Undertake a workplace audit
This is a top priority. HR teams should audit their existing flexible workforces and establish the nature of the contract and working practices of each contractor. When audited, you are likely to find that some contractors are clearly outside of IR35, while others are inside. Most organisations also find that they have a pool of contractors who fall somewhere in the middle and for whom they can help to keep their contractor status through changes to their working practices.
Begin conversations with affected workers
Transparency will help to minimise contractor conflict and confusion. Contractors will understandably have many fears – switching to PAYE could reduce take home pay for contractors by 20 per cent so emotions may run high. It is vital that contractors feel part of the conversation and understand how seriously you are taking the reforms. They will be seeking reassurance that you will take ‘reasonable care’ and won’t simply impose blanket IR35 assessments.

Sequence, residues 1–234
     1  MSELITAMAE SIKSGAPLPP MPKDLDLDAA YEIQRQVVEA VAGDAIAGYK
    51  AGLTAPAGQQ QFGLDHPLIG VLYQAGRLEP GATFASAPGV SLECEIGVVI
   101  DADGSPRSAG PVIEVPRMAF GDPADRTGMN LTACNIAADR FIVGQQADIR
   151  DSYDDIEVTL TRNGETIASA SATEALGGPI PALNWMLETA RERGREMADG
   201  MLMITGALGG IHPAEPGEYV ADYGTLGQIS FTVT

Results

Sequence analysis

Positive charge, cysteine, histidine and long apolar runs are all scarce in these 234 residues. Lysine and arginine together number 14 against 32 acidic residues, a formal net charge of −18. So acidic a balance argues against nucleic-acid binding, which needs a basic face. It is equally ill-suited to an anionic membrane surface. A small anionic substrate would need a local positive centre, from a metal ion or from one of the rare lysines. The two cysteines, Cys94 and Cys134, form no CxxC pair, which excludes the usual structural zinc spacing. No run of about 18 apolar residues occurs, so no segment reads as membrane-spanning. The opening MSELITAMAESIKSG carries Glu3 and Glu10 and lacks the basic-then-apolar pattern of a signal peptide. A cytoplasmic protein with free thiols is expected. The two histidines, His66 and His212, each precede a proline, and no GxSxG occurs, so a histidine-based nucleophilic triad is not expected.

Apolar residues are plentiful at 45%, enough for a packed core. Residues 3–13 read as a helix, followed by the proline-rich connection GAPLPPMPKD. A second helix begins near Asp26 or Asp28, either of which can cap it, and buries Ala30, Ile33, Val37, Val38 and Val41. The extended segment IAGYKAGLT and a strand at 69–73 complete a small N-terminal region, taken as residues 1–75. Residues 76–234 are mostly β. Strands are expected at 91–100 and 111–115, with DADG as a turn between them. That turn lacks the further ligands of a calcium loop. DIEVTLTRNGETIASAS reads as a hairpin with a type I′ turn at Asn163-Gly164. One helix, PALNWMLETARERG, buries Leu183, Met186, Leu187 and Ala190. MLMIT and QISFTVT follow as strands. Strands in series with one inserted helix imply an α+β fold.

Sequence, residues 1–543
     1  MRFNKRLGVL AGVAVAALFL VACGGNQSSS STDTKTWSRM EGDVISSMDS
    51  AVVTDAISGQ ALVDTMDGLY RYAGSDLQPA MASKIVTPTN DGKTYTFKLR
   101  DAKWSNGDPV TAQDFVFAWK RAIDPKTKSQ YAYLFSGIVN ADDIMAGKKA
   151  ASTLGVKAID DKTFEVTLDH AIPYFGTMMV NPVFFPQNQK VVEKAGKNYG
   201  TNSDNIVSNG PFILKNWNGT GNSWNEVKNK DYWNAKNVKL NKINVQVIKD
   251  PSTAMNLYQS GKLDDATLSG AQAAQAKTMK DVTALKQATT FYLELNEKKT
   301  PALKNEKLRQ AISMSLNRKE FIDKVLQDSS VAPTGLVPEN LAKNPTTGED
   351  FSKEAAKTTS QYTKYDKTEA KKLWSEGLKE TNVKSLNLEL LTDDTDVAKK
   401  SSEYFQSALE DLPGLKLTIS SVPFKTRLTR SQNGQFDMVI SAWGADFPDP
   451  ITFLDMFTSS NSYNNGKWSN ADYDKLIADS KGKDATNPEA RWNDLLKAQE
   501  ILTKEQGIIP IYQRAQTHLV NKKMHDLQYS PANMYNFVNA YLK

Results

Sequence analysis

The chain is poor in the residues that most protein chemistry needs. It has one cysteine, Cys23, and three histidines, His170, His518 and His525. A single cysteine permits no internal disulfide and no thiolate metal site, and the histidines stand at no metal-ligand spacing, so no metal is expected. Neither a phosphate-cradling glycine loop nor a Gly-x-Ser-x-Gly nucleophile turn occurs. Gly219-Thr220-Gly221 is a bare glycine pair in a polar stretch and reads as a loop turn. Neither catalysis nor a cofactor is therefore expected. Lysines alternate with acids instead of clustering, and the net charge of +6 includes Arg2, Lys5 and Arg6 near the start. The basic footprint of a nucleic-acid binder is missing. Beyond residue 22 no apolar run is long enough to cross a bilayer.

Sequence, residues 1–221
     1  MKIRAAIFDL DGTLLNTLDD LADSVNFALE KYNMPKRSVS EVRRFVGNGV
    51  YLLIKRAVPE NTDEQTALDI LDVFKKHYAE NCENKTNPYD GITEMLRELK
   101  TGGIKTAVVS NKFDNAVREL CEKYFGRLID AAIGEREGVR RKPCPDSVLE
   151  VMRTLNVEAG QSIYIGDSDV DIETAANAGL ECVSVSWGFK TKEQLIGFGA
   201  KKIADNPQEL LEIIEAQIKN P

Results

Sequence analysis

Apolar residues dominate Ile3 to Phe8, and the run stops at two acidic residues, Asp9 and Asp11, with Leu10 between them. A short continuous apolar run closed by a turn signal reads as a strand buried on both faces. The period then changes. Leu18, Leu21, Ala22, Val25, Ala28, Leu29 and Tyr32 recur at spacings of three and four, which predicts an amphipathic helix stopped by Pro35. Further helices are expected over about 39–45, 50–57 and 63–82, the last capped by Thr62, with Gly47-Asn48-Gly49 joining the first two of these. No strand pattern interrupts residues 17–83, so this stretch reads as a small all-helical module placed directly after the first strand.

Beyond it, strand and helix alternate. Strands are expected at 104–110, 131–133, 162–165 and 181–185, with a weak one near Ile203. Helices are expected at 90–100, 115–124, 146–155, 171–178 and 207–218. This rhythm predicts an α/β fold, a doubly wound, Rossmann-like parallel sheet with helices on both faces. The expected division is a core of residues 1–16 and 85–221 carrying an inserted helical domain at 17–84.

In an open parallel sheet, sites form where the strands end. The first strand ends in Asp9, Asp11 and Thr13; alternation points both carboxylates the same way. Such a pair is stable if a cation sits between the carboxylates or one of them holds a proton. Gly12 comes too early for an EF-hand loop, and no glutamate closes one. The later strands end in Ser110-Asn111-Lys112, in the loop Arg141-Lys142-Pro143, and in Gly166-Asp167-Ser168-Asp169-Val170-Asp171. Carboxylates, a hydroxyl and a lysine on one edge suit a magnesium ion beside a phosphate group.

Take the opportunity to confirm that the IR35 change won’t spell the end of contracting and that you are committed to having a flexible workforce. If contractors are currently outside IR35, providing you fulfil your obligations, they should continue to be outside and do not need to fear the rules. If they are inside IR35 but want to remain as a contractor, you can assure them that, with the right legal advice, there might be things that can be done to help them stay outside of IR35 and maintain their contractor status.
Talk to your supply chain
Spend some time identifying and reviewing your current engagements with intermediaries and agencies that supply labour to you. Make sure they have read the consultation and understand the coming changes. Stress that from April 2020 onwards, the liability for non-compliance will rest with the party that has failed to fulfil its obligations. This means that liability will move down the labour supply chain as each party fulfils its obligations. This is a big change and will increase the risk on everyone in the supply chain. It shows the importance of each party putting robust processes in place this year.